We have carefully examined the cases cited in support of the demurrant's positions, particularly those relating to the proposition that the petition did not show the acts of the defendant's attorney to have been within the scope of his employment. We readily agree that, had the petition failed to show the defendant's responsibility for the attorney's conduct, it would not be held liable. However, under authority of Conney v. Atlantic Greyhound Corp., 81 Ga. App. 324 (2)
(58 S. E. 2d 559), and Pickard v. Gregory, 88 Ga. App. 475
(76 S. E. 2d 860), we are constrained to hold that the allegation that the defendant committed the tortious acts charged in the petition, acting through his attorney, was equivalent to an averment that the attorney acted within the scope of his employment.
As to insistence that the alleged tort was not the proximate cause of the plaintiff's damages, it should be noticed that the plaintiff sued for damages on account of being deprived of her property and having it publicly levied upon and removed from the premises without legal authority, and for injury to her health resulting from shock incident to and growing out of the embarrassing situation caused by the unlawful seizure of her chattels.
While we think that it could have been reasonably inferred from the petition that the injury to the plaintiff's health was a natural consequence of the tort alleged to have been committed by the defendant, acting through its attorney, certainly the damage that the plaintiff is alleged to have suffered in having her household furniture taken and carried away was the direct and proximate result of the levy alleged to have been wrongfully procured by the defendant through its attorney.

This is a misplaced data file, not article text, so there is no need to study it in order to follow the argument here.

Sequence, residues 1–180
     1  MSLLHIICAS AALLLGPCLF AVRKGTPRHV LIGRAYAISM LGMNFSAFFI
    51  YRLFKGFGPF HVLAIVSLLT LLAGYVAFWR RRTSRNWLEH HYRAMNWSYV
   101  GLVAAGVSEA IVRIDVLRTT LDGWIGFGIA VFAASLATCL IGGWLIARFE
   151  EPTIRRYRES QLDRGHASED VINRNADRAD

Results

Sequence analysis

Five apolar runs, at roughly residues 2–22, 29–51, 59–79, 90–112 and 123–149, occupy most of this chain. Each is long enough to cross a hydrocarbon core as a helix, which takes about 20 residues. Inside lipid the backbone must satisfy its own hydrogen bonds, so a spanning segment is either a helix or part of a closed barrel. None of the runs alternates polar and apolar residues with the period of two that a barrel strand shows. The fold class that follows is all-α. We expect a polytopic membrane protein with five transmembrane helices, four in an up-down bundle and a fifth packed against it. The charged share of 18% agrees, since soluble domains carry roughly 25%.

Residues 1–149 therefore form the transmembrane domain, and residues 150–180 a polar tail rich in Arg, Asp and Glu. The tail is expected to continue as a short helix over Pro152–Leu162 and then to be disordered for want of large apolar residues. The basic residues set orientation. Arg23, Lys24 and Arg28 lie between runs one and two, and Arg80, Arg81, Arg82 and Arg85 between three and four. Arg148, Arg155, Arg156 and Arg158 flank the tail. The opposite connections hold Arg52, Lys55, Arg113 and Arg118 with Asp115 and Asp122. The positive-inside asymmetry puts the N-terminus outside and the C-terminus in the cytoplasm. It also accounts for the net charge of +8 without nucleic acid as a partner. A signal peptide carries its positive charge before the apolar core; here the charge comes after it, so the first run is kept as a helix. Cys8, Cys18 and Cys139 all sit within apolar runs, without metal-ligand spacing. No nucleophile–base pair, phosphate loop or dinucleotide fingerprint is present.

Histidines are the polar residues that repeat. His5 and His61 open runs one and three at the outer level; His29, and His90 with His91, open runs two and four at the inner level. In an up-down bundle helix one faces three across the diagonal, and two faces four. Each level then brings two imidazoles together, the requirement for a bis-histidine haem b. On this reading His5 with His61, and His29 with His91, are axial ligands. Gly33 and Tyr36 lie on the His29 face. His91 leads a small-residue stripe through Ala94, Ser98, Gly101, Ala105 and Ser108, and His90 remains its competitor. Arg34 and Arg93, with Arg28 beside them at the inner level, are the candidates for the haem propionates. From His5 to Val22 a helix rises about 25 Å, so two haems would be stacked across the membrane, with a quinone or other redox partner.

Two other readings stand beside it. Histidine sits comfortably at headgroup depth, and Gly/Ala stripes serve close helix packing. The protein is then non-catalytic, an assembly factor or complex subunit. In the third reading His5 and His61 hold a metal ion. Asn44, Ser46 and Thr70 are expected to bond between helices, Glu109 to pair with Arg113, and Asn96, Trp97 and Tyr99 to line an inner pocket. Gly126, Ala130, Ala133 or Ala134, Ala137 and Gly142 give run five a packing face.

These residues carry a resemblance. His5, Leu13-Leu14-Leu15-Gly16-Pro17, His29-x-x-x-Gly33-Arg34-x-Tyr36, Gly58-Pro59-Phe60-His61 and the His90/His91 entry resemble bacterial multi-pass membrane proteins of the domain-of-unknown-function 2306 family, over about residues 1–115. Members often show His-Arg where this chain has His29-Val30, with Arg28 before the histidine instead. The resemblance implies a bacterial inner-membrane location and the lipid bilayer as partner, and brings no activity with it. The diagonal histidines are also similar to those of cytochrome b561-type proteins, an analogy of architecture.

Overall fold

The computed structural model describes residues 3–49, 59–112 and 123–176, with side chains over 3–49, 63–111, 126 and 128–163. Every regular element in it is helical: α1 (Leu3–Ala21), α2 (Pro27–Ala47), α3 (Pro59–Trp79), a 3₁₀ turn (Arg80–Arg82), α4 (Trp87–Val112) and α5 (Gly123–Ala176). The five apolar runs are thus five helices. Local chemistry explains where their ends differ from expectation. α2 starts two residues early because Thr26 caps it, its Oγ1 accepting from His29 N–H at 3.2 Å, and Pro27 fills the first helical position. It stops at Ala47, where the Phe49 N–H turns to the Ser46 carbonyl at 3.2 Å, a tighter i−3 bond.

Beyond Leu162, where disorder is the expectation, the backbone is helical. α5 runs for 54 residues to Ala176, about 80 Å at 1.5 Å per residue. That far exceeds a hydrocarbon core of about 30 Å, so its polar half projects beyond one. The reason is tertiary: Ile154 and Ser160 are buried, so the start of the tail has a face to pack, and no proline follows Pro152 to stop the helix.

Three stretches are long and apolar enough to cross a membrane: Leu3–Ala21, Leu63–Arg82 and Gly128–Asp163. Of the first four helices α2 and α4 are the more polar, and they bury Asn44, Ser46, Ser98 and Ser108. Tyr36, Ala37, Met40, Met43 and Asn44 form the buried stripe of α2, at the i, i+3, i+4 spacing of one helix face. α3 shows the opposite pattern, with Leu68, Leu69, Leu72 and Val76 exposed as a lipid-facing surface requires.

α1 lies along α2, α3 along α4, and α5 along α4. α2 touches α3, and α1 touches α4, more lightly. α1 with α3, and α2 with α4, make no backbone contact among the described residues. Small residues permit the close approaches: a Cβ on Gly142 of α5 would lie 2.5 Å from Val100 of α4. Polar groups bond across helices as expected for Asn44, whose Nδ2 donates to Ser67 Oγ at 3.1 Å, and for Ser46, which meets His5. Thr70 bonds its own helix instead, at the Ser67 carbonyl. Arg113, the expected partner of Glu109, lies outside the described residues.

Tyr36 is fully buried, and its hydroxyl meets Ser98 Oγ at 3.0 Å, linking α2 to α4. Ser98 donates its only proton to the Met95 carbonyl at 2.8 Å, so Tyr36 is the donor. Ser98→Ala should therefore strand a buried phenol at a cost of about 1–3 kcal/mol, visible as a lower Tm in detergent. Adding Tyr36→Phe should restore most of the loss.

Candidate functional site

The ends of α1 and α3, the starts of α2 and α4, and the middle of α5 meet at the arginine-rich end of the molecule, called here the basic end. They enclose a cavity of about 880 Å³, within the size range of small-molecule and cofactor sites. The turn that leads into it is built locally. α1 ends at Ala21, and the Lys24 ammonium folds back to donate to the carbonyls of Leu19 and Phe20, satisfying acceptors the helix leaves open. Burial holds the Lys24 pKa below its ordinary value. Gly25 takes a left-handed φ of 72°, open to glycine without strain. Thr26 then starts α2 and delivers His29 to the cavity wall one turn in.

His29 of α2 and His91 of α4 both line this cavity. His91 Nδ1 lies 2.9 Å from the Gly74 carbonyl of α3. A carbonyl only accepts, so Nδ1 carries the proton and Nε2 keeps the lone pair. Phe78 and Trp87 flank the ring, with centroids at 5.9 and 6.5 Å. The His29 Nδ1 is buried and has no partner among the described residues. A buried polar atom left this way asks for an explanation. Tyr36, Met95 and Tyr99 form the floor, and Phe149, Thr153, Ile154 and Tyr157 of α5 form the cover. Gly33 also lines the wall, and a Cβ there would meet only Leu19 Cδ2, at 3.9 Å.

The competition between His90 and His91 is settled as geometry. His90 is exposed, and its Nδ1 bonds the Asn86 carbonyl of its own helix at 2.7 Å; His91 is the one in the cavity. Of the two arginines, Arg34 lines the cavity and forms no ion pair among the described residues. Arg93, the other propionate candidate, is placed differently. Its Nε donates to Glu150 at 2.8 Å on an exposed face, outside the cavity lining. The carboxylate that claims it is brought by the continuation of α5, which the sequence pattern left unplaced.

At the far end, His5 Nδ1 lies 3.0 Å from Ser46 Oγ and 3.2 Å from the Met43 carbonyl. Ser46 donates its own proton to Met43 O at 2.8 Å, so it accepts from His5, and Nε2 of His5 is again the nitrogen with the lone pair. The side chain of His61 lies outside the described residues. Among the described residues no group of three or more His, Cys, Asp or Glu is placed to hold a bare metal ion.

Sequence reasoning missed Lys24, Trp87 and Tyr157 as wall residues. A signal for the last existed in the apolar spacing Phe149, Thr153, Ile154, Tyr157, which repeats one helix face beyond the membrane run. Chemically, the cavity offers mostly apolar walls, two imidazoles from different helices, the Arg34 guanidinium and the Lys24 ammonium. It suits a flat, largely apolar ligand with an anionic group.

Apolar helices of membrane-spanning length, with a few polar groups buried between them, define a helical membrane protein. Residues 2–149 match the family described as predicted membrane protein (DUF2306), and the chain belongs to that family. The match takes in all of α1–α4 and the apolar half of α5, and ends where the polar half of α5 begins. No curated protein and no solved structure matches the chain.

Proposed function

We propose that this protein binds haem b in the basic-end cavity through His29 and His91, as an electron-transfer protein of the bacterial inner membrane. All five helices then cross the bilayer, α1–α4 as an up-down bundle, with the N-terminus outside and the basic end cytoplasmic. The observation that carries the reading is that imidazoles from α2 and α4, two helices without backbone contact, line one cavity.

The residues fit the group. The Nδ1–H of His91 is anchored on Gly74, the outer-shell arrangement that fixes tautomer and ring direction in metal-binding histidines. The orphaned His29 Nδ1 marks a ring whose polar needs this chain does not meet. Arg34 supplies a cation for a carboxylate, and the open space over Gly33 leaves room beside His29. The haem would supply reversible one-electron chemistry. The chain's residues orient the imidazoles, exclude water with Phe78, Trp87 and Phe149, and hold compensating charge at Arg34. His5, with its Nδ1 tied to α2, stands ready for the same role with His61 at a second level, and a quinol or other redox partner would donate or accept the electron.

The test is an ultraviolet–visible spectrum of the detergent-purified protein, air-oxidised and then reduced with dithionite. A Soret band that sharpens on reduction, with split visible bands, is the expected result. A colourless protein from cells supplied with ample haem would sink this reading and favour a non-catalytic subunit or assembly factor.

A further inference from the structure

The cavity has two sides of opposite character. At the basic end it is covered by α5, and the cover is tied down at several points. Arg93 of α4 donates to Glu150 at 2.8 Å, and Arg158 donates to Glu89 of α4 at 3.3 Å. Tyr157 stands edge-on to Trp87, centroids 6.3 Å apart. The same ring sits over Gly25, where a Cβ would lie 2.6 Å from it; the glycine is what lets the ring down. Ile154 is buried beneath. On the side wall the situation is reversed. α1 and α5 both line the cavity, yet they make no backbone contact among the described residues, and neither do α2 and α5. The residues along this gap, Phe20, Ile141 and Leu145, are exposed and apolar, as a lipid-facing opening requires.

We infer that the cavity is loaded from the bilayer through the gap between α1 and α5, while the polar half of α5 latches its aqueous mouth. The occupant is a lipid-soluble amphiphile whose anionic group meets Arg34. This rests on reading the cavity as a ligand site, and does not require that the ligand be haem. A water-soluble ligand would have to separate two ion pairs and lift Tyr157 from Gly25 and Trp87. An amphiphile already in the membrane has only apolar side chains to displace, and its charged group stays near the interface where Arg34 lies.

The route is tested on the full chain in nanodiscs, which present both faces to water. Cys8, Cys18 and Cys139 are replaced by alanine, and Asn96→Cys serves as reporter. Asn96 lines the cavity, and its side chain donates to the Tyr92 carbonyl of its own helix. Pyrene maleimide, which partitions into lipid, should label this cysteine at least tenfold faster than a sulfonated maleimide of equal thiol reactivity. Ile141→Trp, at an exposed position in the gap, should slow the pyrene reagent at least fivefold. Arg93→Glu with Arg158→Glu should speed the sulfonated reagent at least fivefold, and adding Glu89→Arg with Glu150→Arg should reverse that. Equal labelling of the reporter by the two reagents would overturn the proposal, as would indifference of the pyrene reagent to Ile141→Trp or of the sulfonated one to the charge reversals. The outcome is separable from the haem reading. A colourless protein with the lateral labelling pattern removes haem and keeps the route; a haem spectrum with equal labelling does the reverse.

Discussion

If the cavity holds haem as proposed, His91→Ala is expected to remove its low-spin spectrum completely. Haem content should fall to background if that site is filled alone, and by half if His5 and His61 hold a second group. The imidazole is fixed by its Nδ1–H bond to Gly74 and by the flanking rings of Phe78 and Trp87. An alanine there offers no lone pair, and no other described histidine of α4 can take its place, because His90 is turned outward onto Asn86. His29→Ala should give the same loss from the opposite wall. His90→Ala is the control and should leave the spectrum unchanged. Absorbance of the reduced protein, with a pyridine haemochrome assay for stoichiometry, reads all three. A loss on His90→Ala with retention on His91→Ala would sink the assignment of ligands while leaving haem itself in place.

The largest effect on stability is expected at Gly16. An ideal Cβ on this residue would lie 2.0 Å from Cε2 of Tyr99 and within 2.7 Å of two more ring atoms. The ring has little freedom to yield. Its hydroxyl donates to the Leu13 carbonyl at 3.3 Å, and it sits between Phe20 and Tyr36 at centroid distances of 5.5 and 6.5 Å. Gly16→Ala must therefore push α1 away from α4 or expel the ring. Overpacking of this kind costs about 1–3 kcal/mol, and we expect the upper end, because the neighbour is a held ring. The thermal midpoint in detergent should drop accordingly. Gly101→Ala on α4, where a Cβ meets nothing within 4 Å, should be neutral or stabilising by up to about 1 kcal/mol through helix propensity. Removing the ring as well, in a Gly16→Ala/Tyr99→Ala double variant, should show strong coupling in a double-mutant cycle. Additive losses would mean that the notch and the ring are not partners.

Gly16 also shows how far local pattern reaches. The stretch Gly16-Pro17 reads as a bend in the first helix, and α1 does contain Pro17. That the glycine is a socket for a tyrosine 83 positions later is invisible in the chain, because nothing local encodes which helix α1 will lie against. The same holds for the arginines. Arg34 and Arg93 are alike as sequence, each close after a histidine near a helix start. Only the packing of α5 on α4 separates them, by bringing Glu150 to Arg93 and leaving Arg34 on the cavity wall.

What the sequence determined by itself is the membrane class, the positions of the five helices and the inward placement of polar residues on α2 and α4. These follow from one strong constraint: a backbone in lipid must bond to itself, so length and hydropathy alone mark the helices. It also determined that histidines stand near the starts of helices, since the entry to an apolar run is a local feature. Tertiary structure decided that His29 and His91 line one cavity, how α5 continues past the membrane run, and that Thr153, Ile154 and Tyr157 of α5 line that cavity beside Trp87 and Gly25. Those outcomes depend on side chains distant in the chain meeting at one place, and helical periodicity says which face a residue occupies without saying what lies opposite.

2. Paragraphs 2-11; 13-19; 21, 23, 24; 26-29; 31, 32; 34-36; 38-39, and 40, present grounds of special demurrer. They attack the petition on the grounds of misjoinder of causes of action; that the petition seeks to recover on the wrong measures of damages, is duplicitous, multifarious, and contradictory in its allegations. They criticize various averments of the petition as being conclusions, a negative pregnant, vague, uncertain, immaterial, irrelevant, and prejudicial. None of these grounds of demurrer raised any question for consideration by the trial court or that can be reviewed by this court, because none of them shows wherein or for what reason the petition or its allegations demurred to are defective or subject to the criticisms made of them by the demurrer.